Married to a narcissist: Co-parenting challenges

Leslie Barrows
 | Published: 
July 31, 2018
 | Category: 
General Information

Married to a narcissist: Co-parenting challenges

Being married to a narcissist can make life challenging, especially in co-parenting. Not everyone with narcissistic tendencies is to the level of psychological diagnosis, but they can be very challenging to live with. Why would any sane person stay married to someone who puts them down, lacks empathy and tries to constantly undermine your efforts? For some people there is a balance of interests in a marriage with children. Some stay married for the sake of children having a stable home until they are grown and off to work or college.

Even if you do think your spouse is somewhere on the narcissism spectrum, there may be several wonderful things you do love about them despite them being challenging, when you are trying to be a team in raising children.

What is co-parenting?

We often hear about co-parenting in terms of divorced parents of children who are trying to work together in the best interests of the children by reaching agreements and cooperating while raising children and making decisions the other parent may appreciate. Why don’t we hear more about co-parenting among married couples?

Married parents of children should work together like a team in raising children. One aspect of team parenting is agreeing on rules and enforcing them. Otherwise, when one parent says no, the other might say yes. Being married to a narcissist is challenging because the narcissist might undermine your efforts.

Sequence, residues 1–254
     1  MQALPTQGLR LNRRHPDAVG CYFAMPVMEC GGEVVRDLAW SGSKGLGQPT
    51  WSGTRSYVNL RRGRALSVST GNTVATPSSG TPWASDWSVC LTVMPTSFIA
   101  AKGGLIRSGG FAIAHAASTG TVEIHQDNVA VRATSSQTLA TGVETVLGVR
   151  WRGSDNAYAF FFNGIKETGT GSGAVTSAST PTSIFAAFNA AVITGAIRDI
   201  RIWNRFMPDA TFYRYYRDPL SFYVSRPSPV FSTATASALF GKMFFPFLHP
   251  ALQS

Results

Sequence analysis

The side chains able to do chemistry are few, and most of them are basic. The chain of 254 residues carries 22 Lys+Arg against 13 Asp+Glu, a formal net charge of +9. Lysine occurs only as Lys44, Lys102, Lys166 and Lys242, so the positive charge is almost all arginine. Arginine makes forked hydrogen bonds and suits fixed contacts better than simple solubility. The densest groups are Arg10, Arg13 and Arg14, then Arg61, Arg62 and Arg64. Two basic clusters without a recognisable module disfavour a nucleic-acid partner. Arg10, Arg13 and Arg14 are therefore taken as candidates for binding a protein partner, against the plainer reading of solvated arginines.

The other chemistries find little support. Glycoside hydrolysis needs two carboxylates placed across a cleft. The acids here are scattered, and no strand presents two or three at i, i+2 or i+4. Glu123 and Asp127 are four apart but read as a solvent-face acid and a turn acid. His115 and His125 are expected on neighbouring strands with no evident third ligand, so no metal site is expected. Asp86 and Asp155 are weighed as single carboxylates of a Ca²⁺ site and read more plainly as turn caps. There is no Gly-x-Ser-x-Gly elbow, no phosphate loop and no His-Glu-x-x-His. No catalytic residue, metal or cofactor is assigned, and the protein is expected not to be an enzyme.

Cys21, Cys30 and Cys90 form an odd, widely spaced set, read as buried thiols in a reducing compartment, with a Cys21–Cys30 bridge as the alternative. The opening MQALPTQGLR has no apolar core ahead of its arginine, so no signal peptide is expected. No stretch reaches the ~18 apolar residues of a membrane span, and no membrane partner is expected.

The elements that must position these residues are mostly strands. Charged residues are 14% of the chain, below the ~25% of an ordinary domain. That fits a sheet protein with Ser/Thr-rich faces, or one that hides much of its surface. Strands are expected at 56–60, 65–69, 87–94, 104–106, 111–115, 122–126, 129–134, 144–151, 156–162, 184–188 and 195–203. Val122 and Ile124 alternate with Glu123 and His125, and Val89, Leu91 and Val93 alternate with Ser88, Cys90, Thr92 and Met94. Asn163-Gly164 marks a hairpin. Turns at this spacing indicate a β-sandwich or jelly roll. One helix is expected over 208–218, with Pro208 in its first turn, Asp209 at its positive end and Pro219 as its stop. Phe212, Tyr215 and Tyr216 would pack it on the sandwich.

Narcissists’ inflated ego and lack of empathy

Psychology researchers suggest that narcissists appear to have strong personalities but are insecure about their true self. The narcissist focus on their self-image, thinking and behavior is said to give validation and stability when they otherwise lack self-esteem.

As a narcissist obsesses over being the boss, being perfect and having power and admiration, the other people in their life seemingly become objects that either confirm or deny the narcissist’s self-concept. They may only care about how any given situation affects them and how they are seen by others, completely missing the point that their actions can hurt others, especially their children, when they have no empathy for them.

How does being married to a narcissist affect co-parenting?

When you are married to someone obsessed with power, success and brilliance it can be difficult to be a team player while raising children together. Many narcissists are said to somewhat ignore others until there is an opportunity to be the hero and save the day, especially when others are watching.

A Psychology Today article offers tips for co-parenting with a narcissist:

  1. Expect and ignore backhanded comments and character attacks when the narcissist is just trying to get a rise out of you;
  2. Beware of the narcissist lining people up to rally against another, such as siding with the children and throwing you under the bus;
  3. Be strong and when threats or guilt trips appear, as the narcissist is trying to prove they can control you and steer you away from what you were doing with your children;
  4. Know when a narcissist is playing favorites, and know confronting them about it may do not good because the narcissist will not likely understand another’s perspective; and
  5. Be a parent with empathy, which children need for their emotional health, and which they will not likely get from the narcissist parent.

You may also read our blog article, Narcissistic personality disorder & divorce, where we talk about some of the challenges we face in divorce litigation when your soon to be ex-spouse is a narcissist.

Leslie Barrows is a divorce, custody, family law, juvenile law and estate planning attorney in Southlake, Texas. Please contact Leslie through the website or call the office anytime by dialing (817) 481-1583.